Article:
Vodacom makes major rural 4G investment in South Africa’s poorest region
Vodacom, Vodafone’s largest African business, has announced a further roll-out of network equipment into South Africa’s poorest region as part of its pledge to create an inclusive digital society in the country.
The Vodacom Eastern Region network stretches from Albertinia in the Western Cape and covers all of the Eastern Cape, including Kokstad in KwaZulu Natal province. The Eastern Cape province, at
168,966 km2 is the second largest region in South Africa, covering nearly 14% of the country. The World Bank also says it is the poorest region in South Africa, with a 59.1% poverty rate in 2015.
Vodacom has pledged to invest just over R200 million (€9.6m) into the Eastern Region network during the 2020/2021 financial year, building on R250 million (€12m) spent deploying network infrastructure in deep rural areas of the province in the past two years.
Mpumelelo Khumalo, Managing Executive for Vodacom Eastern Cape Region said: “Investing in our network ensures that we deliver best-in-class coverage and customer service, not only to urban areas, but to people who dwell in township and deep rural areas as well, so they are well positioned to take advantage of the benefits of the digital revolution.”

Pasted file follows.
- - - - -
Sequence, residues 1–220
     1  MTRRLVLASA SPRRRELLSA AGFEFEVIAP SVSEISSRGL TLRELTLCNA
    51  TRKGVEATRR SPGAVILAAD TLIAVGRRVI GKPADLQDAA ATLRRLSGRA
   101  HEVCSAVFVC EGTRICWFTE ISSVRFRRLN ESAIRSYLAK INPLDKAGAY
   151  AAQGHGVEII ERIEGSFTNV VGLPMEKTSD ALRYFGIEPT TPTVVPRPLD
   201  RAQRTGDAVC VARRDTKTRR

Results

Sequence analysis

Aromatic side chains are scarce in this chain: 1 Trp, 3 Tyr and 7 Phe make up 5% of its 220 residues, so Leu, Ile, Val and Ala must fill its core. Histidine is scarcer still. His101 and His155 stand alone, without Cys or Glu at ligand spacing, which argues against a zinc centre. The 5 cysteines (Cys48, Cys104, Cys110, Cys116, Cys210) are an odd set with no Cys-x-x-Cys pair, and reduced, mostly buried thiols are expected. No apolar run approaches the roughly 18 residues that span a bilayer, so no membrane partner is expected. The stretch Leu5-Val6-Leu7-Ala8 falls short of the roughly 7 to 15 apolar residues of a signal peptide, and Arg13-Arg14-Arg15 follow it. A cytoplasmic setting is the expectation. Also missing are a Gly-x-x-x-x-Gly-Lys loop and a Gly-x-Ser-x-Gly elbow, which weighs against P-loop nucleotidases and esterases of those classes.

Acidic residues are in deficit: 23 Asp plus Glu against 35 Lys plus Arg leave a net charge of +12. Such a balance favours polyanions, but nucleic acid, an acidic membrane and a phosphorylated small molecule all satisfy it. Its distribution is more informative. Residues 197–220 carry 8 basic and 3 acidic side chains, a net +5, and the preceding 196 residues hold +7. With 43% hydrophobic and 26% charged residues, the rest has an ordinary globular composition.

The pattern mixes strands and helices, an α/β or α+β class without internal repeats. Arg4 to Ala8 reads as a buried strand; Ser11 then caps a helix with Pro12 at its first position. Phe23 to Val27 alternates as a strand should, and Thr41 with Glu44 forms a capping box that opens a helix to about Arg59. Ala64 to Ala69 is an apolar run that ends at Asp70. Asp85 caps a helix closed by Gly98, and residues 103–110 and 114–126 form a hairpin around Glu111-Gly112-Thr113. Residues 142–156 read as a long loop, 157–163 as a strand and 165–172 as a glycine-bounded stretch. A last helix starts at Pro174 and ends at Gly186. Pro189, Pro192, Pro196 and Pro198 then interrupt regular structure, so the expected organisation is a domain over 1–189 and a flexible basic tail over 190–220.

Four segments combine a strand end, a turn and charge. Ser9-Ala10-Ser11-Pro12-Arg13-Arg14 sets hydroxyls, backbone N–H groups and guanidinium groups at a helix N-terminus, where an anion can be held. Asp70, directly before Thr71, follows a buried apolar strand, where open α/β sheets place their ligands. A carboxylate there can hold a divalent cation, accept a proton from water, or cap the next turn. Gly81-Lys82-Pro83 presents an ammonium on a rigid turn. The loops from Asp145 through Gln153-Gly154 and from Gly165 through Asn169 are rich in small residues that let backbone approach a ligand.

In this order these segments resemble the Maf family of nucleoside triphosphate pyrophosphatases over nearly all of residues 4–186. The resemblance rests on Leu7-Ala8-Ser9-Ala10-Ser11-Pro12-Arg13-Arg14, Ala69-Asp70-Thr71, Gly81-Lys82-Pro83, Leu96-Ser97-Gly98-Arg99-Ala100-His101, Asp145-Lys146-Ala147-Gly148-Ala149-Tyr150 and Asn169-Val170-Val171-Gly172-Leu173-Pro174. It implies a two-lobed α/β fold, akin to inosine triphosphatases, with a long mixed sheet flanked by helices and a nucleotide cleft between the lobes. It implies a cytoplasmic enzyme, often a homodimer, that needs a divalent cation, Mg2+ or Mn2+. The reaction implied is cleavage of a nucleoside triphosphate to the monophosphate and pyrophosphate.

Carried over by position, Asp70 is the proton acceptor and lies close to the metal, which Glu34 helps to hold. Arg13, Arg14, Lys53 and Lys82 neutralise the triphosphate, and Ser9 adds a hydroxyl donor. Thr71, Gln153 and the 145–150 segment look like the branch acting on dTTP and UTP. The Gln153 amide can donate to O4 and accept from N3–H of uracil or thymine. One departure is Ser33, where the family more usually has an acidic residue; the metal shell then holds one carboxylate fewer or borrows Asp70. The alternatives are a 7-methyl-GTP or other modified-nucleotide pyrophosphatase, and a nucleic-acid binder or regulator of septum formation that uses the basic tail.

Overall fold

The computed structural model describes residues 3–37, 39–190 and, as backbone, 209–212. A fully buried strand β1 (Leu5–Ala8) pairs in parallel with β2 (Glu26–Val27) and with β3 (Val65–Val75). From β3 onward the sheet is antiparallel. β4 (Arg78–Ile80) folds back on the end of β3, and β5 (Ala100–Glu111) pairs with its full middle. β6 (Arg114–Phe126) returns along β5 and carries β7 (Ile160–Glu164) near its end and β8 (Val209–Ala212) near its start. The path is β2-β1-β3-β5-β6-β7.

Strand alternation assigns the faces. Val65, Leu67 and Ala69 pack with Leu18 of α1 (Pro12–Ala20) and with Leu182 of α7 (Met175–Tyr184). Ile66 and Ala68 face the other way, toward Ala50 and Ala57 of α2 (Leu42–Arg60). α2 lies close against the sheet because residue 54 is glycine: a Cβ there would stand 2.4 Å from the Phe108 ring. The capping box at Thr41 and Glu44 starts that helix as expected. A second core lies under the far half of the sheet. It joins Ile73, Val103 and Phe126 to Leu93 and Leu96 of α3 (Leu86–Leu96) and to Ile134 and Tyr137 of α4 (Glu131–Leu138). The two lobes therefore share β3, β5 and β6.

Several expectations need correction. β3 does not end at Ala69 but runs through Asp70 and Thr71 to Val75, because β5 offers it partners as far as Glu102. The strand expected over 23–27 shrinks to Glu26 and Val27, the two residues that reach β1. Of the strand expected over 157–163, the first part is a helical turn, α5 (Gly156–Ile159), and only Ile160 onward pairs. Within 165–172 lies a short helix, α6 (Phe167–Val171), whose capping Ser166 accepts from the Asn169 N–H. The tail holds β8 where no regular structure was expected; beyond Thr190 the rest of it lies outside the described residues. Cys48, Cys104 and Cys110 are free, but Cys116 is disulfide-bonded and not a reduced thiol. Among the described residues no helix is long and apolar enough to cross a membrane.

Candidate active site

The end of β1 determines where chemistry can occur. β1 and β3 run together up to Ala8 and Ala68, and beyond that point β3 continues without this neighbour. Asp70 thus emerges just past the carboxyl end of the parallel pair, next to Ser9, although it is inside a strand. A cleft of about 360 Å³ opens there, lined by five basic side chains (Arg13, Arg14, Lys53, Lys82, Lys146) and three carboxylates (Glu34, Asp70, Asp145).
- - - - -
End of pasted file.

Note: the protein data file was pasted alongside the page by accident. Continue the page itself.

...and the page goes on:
The network upgrades will see Vodacom’s 4G and 3G network expand in both urban and rural areas to deliver better coverage and stability. Existing mobile sites will also be upgraded and given more capacity to help manage growth in demand for calls and data services.
Mpumelelo explained, “The upgrades will increase network capacity and this will help us to provide our customers with super-fast internet speeds, great quality voice and reduce dropped calls. In particular, the investment will ensure that many people, who only had access to 2G and 3G, will be able to access internet for the first time through 4G networks at a time when data traffic growth since lockdown stands at 50%.”
Improving mobile networks in the region though will present several challenges to Vodacom engineers and not just because of the vastness of a region that is larger than the country of Tunisia.
The region is continuing to battle the vandalism of mobile sites and the theft of batteries that power them. Currently, two to three sites are being vandalised per day across the province, costing mobile providers hundreds of millions of Rand annually. Vodacom has stepped up its efforts to stop criminals from cutting off entire communities and is working closely with law enforcement agencies and security companies to arrest thieves.
The power supply to mobile sites is a crucial issue in South Africa, where the country’s electricity network is load shedding – undergoing planned, rolling blackouts to manage excess demand. That can cause mobile coverage to cut out or become intermittent once the electricity supply to mobile towers runs out. Vodacom’s investment will provide 70% of mobile towers in the Eastern Cape with additional back-up power sources, technology to stabilise power supply and multiple static standby generators, all to ensure that customers can get and stay connected.